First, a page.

(Travel + Leisure) -- The foolproof way to gain entry to an airport lounge is to buy a first- or business-class ticket. But traveling coach doesn't mean you can't have the same access.
Just because you're traveling coach, doesn't mean you can't wait for your flight in style.
Lounge passes allow you to reap the benefits -- typically free Wi-Fi and newspapers, beverages and snacks, fax machines and local calls -- without forking over $2,500. The problem: deciding which plan offers the best value. Here, the pros and cons of the latest options.
The annual pass
WHY GET IT: If you're loyal to a single carrier and often fly routes that require waits in airports where your airline has a club, purchasing an annual pass is a good idea. All major airlines have membership programs, and alliances such as SkyTeam and Oneworld give preferred members free access to most lounges.
THE CAVEATS: Never purchase a plan without investigating first. Many airlines have cut back services because of rising costs. Delta, for example, recently closed nine of its 47 outposts, including those at major hubs like Boston and London Gatwick. American Airlines flies to 250 cities but only operates its clubs in 38 airports.Travel + Leisure: The world's most amazing airport lounges
THE COST: Between $250 and $400
The day pass
WHY GET IT: If you're motivated by price rather than loyalty when booking flights and don't plan on using a lounge more than five times a year, day passes are a better alternative.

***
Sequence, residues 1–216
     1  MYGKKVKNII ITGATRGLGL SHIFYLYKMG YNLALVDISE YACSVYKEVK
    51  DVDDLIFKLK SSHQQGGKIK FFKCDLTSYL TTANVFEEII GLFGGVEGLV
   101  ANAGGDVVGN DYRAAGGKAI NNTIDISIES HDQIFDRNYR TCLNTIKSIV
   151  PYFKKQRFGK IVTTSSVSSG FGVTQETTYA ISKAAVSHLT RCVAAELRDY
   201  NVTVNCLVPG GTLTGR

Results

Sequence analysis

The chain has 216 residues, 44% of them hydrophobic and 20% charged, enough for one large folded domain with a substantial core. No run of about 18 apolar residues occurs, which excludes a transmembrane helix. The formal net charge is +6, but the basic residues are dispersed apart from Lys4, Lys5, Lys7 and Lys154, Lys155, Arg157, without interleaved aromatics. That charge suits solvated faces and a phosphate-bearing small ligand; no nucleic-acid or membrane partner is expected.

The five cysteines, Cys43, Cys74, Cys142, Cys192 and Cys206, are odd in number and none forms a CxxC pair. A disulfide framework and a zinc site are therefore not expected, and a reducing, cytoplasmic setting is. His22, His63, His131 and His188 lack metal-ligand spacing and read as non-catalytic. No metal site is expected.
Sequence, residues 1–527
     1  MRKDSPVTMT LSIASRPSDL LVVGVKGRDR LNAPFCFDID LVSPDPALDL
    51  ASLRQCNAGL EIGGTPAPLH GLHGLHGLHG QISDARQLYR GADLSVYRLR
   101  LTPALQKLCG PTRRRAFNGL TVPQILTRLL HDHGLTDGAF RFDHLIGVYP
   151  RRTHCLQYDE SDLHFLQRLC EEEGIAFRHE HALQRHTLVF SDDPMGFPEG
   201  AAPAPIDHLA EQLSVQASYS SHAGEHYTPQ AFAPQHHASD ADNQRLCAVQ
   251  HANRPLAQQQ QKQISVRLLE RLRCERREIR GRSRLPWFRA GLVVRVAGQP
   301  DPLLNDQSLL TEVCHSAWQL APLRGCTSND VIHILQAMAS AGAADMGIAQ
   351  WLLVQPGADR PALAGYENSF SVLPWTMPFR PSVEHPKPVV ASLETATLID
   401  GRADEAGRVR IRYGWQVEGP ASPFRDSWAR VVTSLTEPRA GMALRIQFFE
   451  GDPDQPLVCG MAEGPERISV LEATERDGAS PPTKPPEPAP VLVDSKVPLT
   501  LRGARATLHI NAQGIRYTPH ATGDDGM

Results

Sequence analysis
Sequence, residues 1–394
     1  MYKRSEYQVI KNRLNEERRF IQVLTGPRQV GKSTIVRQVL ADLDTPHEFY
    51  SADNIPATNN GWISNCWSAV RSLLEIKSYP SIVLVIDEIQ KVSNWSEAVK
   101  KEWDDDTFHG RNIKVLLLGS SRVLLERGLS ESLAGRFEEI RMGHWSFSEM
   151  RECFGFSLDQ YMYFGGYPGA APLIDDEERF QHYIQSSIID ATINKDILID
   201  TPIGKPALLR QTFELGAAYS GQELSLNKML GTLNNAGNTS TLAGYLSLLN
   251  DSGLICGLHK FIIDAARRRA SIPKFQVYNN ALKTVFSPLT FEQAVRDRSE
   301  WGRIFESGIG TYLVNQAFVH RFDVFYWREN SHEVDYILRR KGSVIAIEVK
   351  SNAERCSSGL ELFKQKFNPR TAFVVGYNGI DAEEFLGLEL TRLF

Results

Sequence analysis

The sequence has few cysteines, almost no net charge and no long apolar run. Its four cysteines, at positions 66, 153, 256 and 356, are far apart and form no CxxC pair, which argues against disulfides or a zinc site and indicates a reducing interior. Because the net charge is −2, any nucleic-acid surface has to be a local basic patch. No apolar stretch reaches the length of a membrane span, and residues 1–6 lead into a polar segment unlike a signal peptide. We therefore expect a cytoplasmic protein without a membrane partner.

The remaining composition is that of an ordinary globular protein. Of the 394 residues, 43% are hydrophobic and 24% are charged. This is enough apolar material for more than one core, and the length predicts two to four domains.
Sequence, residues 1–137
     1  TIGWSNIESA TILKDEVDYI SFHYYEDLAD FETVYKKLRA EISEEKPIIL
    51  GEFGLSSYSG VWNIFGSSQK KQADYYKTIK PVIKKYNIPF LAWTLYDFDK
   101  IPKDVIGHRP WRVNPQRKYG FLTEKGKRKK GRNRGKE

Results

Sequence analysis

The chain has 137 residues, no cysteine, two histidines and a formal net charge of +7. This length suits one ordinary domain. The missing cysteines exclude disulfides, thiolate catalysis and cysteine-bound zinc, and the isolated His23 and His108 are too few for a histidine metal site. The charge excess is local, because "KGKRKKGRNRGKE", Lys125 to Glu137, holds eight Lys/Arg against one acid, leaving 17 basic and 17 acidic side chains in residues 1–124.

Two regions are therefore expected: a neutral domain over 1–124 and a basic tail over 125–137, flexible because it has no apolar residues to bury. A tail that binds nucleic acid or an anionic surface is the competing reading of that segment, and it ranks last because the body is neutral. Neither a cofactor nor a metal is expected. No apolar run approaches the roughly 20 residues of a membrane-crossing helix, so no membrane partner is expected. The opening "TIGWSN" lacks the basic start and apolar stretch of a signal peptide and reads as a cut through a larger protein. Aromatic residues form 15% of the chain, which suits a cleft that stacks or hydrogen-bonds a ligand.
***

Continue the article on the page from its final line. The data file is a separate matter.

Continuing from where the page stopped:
THE CAVEATS: Travelers who prefer to plan in advance should consider a prepaid day-pass service. Lounge Pass, for example, gives you the option of buying the passes before your departure. The company partners with more than 100 airports, including Heathrow and LaGuardia.
THE COST: From $45 at lounge entrances; from $29 at LoungePass.com
WHY GET IT: Membership programs offered by a third party don't require airline loyalty or restrict you to certain airports and countries. Priority Pass is the largest, with 1.7 million members, and provides entry to more than 500 lounges.
THE CAVEATS: Make sure you check club locations in advance. Priority Pass includes partnerships with all domestic airlines, but to varying degrees. Members en route through New York's JFK have a choice of five outposts, but only two of the four lounges at Terminal 4.
THE COST: From $99 for an annual membership at prioritypass.com
Frequent-flier and credit-card discounts
The higher your elite status is with airlines, the better deals they'll give you on passes. Delta and Continental offer a discount to Platinum Elite fliers of $100 a year on membership costs. Credit cards can also get you lounge entry. The American Express (T+L's parent company) Platinum card includes admission to Continental, Delta and Northwest lounges. Amex Centurion and Citi Chairman cardholders all receive free Priority Pass memberships.
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